Round #13 Pairings

Kasimjanov (Uzbekistan) -Topalov (Bulgaria)
Adams (England) -Leko (Hungary)
Anand (India) - Morozevich (Russia)
Polgar (Hungary) - Svidler (Russia)


Round #13 Results

Kasimjanov - Topalov, ½-½. This game was the last to finish. Anand and Svidler had drawn their games and these two players were still battling. In a game that appeared to be treading in dangerous waters for Topalov, he found an enterprising exchange sacrifice which bought him counterplay. While that counterplay was impressive, it was only enough to secure a draw and thus, Topalov becomes the new FIDE World Chess Champion! It seems appropriate that Kasimjanov would be the first to congratulate the new champion.

This game started with the Berlin Defense of the Ruy Lopez, a line Topalov also tested against Judit Polgar in round #6. In that game, he faced 11.Ne4 and 12.b3, but in this game Kasimjanov opted for rapid development and after move
17.Ne4, stood much better. As is often the problem with spatial advantages, how does one convert? Topalov had a solid position, but Kasimjanov seemed intent on grabbing more space.

Topalov would strike back with 20…f5!? The commentators agreed that white still had an edge after 21.exf6 21...Bxf6 22.f5 Ne7 23.Nxf6+ gxf6 24.Bf4 Kf7 25.Bxc7 Nxf5 26.Rc4! (also recommended by GM Alexander Yermolinsky on the ICC)

Topalov was forced to sacrifice a pawn and conjured up counterplay with a nice rook maneuver which involved sacrificing the exchange with
35…Reg3! This lead to black gaining the initiative whereby white had to return the exchange to prevent being tied up.

Topalov actually had a
winning position, but in a sign of professionalism agreed to a draw… a befitting ending to a game between two champions! Congratulations to Bulgaria and Veselin Topalov, FIDE's World Chess Champion! (game, ChessBase video)

Adams has yet to taste the sweetness of victory.  (Photo courtesy of

Veselin Topalov
FIDE World Chess Champion
(Photo courtesy of

Adams - Leko, ½-½. There was not much in this game and both decided to take an early dinner. Adams probably wanted to indulge in some Argentinean beef. John Federowicz mentioned that Adams had scarfed down two huge steaks in one dinner sitting during another tournament. He said everyone sat there in total disbelief! In this short game, Adams played 3.Nc3 as a method of avoiding the Sveshnikov Sicilian. Grigory Kaidanov had mentioned how dynamic the Sveshnikov was even at the highest levels, but it requires one to know loads of theory and is quite dangerous for white. This anti-Sveshnikov with 3.Nc3 has been a popular system for white, but allows black better chances for equality. The game ended without so much as a punch being thrown. (game)

Anand - Morozevich, ½-½. Interesting battle! This tournament has been an opening laboratory of the Sicilian and the Ruy Lopez. Finally, the French Defense made it's debut in the 13th round and produced one of the most exciting encounters yet.  The game entered one of the sharper lines. The game had some characteristics of a Sicilian except the position of black's d-pawn and white's e-pawn… huge difference. Black reached a comfortable position, but then Anand uncorked a spectacular sacrifice in 19.Bxh7+!?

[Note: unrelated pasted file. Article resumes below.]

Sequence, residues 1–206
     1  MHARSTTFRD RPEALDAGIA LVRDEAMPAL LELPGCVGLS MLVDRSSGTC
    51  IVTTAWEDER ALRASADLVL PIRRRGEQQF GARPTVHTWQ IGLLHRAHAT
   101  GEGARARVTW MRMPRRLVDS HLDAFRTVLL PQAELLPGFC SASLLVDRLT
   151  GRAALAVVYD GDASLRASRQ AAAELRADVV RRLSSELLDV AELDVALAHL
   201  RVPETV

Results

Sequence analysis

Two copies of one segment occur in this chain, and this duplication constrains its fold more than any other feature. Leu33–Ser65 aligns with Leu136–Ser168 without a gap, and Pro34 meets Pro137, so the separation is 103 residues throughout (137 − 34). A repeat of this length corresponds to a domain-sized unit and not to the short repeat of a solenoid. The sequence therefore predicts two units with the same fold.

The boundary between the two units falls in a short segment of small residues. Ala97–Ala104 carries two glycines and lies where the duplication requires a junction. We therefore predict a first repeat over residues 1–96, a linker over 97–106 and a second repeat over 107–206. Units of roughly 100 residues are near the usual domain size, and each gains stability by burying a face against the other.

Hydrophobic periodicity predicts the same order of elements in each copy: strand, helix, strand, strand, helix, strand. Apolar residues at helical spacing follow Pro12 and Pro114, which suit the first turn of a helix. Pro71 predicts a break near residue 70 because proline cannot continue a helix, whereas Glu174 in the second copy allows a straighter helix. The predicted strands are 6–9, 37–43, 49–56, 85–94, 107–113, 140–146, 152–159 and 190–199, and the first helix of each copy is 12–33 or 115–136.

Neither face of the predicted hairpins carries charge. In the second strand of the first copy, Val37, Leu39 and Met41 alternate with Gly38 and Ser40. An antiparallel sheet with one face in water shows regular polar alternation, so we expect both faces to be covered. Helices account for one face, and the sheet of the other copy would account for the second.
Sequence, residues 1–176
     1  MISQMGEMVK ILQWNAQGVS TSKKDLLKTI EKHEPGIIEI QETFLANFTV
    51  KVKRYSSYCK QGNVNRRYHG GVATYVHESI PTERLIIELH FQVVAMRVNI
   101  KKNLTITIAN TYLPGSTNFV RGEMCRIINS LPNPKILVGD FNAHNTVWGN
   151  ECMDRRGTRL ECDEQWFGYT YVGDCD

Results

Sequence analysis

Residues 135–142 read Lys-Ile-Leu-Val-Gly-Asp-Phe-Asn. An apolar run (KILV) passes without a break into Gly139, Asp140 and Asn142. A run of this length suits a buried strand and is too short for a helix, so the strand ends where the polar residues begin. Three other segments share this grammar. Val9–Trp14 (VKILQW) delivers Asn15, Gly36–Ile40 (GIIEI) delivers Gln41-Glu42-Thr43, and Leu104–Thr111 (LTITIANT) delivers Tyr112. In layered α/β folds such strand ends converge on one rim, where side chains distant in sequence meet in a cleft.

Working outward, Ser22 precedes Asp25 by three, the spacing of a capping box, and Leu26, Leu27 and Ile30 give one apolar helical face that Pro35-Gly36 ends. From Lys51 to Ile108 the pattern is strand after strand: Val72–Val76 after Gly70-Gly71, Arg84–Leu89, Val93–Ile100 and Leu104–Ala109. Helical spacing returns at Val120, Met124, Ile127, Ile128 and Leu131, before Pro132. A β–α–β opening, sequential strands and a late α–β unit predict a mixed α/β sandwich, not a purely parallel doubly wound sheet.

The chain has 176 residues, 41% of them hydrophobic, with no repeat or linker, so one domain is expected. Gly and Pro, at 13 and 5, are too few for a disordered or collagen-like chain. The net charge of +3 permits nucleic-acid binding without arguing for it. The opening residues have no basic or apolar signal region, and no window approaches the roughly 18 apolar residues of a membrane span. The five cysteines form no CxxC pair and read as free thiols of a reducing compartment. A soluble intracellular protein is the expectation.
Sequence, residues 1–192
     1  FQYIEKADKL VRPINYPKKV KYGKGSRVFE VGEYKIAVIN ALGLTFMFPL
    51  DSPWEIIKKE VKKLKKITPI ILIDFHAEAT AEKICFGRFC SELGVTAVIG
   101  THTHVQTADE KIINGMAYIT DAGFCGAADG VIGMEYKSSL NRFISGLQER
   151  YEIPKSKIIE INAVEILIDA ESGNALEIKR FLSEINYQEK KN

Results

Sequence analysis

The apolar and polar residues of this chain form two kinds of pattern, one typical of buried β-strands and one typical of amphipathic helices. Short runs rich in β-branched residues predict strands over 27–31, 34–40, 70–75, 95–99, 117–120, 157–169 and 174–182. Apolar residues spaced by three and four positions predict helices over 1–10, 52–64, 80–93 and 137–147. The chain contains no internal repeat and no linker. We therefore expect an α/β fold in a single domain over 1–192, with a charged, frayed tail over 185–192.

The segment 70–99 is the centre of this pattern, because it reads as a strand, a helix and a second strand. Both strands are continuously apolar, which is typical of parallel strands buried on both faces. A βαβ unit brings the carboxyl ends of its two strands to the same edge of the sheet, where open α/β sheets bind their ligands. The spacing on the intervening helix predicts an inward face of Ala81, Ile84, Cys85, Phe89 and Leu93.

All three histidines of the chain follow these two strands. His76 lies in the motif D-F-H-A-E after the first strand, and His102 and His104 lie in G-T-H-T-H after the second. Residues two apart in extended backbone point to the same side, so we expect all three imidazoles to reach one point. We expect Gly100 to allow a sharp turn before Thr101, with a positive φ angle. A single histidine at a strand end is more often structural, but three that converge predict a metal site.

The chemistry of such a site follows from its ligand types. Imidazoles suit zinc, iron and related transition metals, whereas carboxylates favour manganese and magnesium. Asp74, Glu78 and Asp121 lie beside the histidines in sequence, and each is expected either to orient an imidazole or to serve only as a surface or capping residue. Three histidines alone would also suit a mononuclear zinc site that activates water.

There were a lot of shocked chess players as most were skeptical of Anand's attack. Anand was clearly bent on stealing a point, but Kaidanov was predicting a tragic loss. In fact, it would be black who is poised for attack after 22…b4! but Morozevich opted for 22…Bc5!? At this point, a draw forced draw was calculated by some of the chess engines.

Kaidanov excitedly got the line from a player at the ICC and it was confirmed in the game. The draw was played out as
23.Rff3 Bxd4 24.Rfg3 Rb7 (Worse is 24…Bxe5? 25.fxe5 Rb7 26.Qh7+ Kf7 27.Rxg7+ Ke8 28.Qg6+ Kd8 29.Qg5+ Ke8 30.Rhh7 and white is winning.)  25.Qh7+ Kf7 26.Qxg7+ Ke8 27.Qxf8+ with a perpetual check to follow. The "Tiger from Madras" was able to keep pace with Svidler who had already drawn with Polgar. (game)

Key moment: Polgar plays 33…Rg3!?

A nice forced draw after 23.Rff3 Bxd4 24.Rfg3 Rb7 25.Qh7+ Kf7 26.Qxg7+ Ke8 27.Qxf8+

Polgar - Svidler, ½-½. Another Marshall Gambit… another draw. This was the third such attempt. Others were  Anand-Svidler (½-½, 39) and Polgar-Adams (½-½, 37). This game saw 12.d3 instead of 12.d4 and followed the path of Aronian-Nakamura. The two resorted to playing blitz as the moves were rattled off one after another. It appears that the play of the Marshall Gambit peters out before move 40 as a draw was agreed after 39.Ra7+. Svidler saved energy and will be ready for a showdown with Anand to decide who will take 2nd place and  entry into the 2nd round of the next World Championship cycle. (game)


1st Topalov, 9½-3½
Svidler, Anand, 8-5
Morozevich, 6½-6½
Kasimjanov, Leko, 5½-7½
Adams, 5-8
Polgar, 4-9

Posted by The Chess Drum: 13 October 2005